“In the light of these criteria, it is of interest that the rate provided in the standard printed form of JCT Trade Contract was 5% over base, which might suggest that this was thought by those responsible for drafting the contract to be a fair rate of interest for late payment in the context of the construction industry. Given this, when taken together with the other considerations that I have already mentioned, I can see no reason why 5% over base should not be regarded as a substantial remedy within the meaning of the Act, even though it is 3% less than the statutory rate”.
In each of the cases we have acted on this year, the relevant contract provisions provided for interest at a rate of 5% over base (which is not unusual). In each case, the adjudicator considered this to be a substantial remedy. Hence, those claims for costs failed.
Where does this leave claimants?
As the cases discussed above and our recent experience has shown, the law on this area is clear. Where parties have agreed to a contractual remedy of 5% over base for late payment of the debt:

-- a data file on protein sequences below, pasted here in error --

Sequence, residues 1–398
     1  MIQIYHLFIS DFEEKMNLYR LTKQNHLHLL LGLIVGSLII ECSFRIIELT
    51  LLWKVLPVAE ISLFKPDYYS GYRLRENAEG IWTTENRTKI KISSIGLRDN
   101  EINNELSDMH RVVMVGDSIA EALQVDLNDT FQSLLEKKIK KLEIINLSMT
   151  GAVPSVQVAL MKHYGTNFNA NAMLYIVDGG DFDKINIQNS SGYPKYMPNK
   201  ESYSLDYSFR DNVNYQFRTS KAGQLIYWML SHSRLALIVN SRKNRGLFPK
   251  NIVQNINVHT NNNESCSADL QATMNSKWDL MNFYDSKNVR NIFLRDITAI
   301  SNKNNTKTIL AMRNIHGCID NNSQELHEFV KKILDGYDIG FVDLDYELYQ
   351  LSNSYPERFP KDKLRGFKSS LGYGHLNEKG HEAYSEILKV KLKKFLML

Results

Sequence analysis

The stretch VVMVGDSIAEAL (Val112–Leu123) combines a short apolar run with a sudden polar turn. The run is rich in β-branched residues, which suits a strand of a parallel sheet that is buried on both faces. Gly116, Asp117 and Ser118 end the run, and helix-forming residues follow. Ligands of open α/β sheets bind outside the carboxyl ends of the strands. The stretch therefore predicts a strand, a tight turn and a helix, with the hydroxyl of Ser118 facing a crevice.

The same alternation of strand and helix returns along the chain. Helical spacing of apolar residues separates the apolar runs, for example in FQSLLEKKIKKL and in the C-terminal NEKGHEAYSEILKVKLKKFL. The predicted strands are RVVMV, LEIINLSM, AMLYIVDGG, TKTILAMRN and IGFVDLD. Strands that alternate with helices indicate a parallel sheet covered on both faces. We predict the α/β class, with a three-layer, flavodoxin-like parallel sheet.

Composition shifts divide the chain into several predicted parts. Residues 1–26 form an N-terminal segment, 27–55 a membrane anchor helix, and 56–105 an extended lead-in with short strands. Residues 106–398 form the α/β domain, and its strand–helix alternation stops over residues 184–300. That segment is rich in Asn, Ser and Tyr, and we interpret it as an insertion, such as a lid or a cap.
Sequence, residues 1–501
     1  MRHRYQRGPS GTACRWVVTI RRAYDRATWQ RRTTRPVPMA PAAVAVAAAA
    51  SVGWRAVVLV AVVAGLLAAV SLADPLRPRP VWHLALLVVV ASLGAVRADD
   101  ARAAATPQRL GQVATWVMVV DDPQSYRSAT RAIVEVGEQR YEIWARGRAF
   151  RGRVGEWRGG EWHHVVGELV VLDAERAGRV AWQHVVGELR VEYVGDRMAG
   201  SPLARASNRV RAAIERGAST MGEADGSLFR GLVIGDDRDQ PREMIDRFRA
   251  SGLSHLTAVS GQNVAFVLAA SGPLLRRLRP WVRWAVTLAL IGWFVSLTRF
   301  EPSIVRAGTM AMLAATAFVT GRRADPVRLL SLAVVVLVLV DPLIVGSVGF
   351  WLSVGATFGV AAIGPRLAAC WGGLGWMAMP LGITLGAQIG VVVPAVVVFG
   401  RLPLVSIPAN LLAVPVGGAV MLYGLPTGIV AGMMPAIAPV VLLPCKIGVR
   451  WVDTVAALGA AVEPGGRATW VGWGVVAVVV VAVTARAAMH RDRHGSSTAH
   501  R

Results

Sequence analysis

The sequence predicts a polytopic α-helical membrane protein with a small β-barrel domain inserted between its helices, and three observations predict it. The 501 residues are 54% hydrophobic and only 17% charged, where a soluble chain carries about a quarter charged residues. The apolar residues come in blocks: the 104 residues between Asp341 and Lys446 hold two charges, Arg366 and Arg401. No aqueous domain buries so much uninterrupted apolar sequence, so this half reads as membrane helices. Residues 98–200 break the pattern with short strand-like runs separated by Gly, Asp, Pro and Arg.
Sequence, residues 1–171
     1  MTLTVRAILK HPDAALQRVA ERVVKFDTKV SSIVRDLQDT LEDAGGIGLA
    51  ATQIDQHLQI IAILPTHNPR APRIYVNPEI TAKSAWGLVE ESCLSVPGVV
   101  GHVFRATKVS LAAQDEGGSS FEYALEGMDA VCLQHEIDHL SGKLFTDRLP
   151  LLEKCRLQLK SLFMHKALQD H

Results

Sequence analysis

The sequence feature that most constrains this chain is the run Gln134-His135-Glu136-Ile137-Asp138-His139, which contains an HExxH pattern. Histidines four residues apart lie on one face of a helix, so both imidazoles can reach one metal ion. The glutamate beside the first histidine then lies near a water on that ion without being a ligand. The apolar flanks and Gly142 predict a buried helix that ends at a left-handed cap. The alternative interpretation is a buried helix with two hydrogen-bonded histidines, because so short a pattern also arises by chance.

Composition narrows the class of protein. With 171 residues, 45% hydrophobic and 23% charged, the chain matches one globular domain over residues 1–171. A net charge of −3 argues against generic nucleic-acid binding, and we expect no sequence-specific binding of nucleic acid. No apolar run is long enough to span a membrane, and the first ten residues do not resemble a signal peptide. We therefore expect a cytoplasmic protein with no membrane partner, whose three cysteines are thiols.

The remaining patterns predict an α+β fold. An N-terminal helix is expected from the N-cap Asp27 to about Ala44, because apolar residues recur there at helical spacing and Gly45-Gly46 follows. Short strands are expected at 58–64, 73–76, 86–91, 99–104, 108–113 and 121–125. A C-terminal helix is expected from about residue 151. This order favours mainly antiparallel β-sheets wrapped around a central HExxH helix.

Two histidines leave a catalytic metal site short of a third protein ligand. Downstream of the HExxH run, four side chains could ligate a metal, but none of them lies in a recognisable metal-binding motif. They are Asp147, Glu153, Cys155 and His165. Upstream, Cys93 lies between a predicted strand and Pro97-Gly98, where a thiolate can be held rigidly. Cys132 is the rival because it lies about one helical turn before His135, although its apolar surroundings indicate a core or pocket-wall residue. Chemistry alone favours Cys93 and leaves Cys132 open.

- That will be considered to be a “substantial remedy”.
- Statutory interest is not “carried by the debt”, and does not “begin to run” under section 5A (1) of the Late Payments Act.
- The claimant is not entitled to either the fixed sum or the difference between the fixed sum and the “reasonable” costs of adjudicating to recover the debt.
However, all may not necessarily be lost for claimants. On commencement of an adjudication (but not before), the parties are able to agree that the adjudicator has the power to award parties their costs. In National Museums and Galleries on Merseyside v AEW and PIHL Galliford Try, Akenhead J also suggested that parties may be able to claim their costs of adjudication as a head of damages in any subsequent litigation (although, this point was distinguished and doubted in Husband and Brown Ltd v Mitch Developments Ltd).
Nevertheless, in the vast majority of cases, the low likelihood of a successful party recovering its costs will remain a key drawback of adjudication for parties considering their options for resolving a dispute.